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Director of the Masters of Foxhounds Association, Mark Hankinson, has been found guilty of encouraging or assisting others to commit an offence under the Hunting Act by telling them how to use the excuse of ‘trail’ hunting to get away with hunting traditional live quarry hunting.  Hankinson was one of the speakers from the Hunting Office, Masters of Foxhounds Association (MFHA) and the Countryside Alliance who gave “advice” in two training webinars in August 2020 on how to create a “smokescreen” around hunting.  The webinar videos came to light when they were leaked and then posted online.

During his judgment in October at Westminster Magistrates’ Court Deputy Chief Magistrate Tan Ikram said “I am sure that the defendant through his words was giving advice on how to illegally hunt with dogs. In my judgement he was clearly encouraging the mirage of trail laying to act as cover for illegal hunting,”

Mr Hankinson was fined £1,000 along with a contribution of £2,500 towards legal costs.

During the three-day trial at Westminster Magistrates Court in September clips of the video recordings were played in court. In the recordings Hankinson told participants: “If you’ve got saboteurs out with you in any shape or form we need to have clear, visible, plausible trail laying being done throughout the day. It’s a lot easier to create a smokescreen if you’ve got more than one trail layer operating.”

He had also described a legal exemption to the Hunting Act as “a good wheeze for holding up”. When asked what he meant by “wheeze” he said, “a useful thing to do”.

Mr Hankinson told the court that when he said “smokescreen” he was giving advice on laying dummy trails to confuse potential saboteurs and allow legitimate hunting to continue. When asked by his barrister Richard Lissack QC what message he sought to send, Mr Hankinson replied that the law “must be adhere to, there’s no question of it”.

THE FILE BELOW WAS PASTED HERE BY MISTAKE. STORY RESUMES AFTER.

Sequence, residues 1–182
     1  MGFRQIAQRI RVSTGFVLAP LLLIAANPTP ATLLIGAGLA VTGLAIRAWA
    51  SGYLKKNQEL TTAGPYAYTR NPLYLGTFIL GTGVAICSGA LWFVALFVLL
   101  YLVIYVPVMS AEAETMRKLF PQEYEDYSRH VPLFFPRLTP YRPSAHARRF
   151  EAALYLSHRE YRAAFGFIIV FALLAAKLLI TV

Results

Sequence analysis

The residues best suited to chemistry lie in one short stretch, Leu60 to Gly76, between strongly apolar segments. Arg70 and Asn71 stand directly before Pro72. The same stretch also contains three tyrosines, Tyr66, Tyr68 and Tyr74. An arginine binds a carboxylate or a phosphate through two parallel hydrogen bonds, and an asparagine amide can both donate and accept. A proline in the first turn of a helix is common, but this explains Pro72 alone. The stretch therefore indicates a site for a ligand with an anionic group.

Another of the speakers on the webinar, Phil Davies, was the Countryside Alliance’s police liaison officer and a former chief inspector with Dyfed Powys Police in Carmarthen. He was shown on camera talking about creating an “element of doubt”, presumably in any ensuing court case, that the hounds had been following a trail when in actual fact the opposite was true.

Lord Benjamin Mancroft, the former chairman of the MFHA and member of the House of Lords, chaired the webinars and talked about the need for the information within them to be kept within the confines of the hunting community.

Mr Lissack QC argued in his closing submission that Mr Hankinson had carried out his role “strictly, properly and unapologetically.”

Prosecuting barrister Gregory Gordon said in his closing submission that Mr Hankinson was offering advice on how to hunt illegally “behind a smoke screen of trail hunting”; “His words were clear, his advice was capable of encouraging hunts to commit illegal hunting, and his intention was to encourage illegal hunting.”

The Hunt Saboteurs Association were responsible for exposing the webinars. Their spokesperson, Lee Moon, said of the verdict: “We’re delighted that Mark Hankinson has been found guilty and the sentence is of little importance.”

The League was the complainant in the case against Hankinson, which was investigated by Devon and Cornwall Police. Andy Knott, MBE, who is the League’s chief executive, said: “This is the right result today, in what should prove to be the final knell for hunting wild mammals with dogs. The judge’s comments were telling: more than half the hunts on that webinar were being taught how to break the law, by a man who himself tried to use ‘clever language’ to get away with it.” He went to say: “Enough is enough. The courts have heard definitive proof of the hunting lobby explaining to hunts how to get around the law and make it almost impossible to prosecute them.

The Masters of Foxhounds Association said it was considering an appeal of the verdict.

“We will be setting up a review which will be conducted to ensure that hunts are in a position to offer reassurances to all landowners and other stakeholders that hunts are operating within the law,” said Chairman of the Masters of Foxhounds Association Andrew Osborne.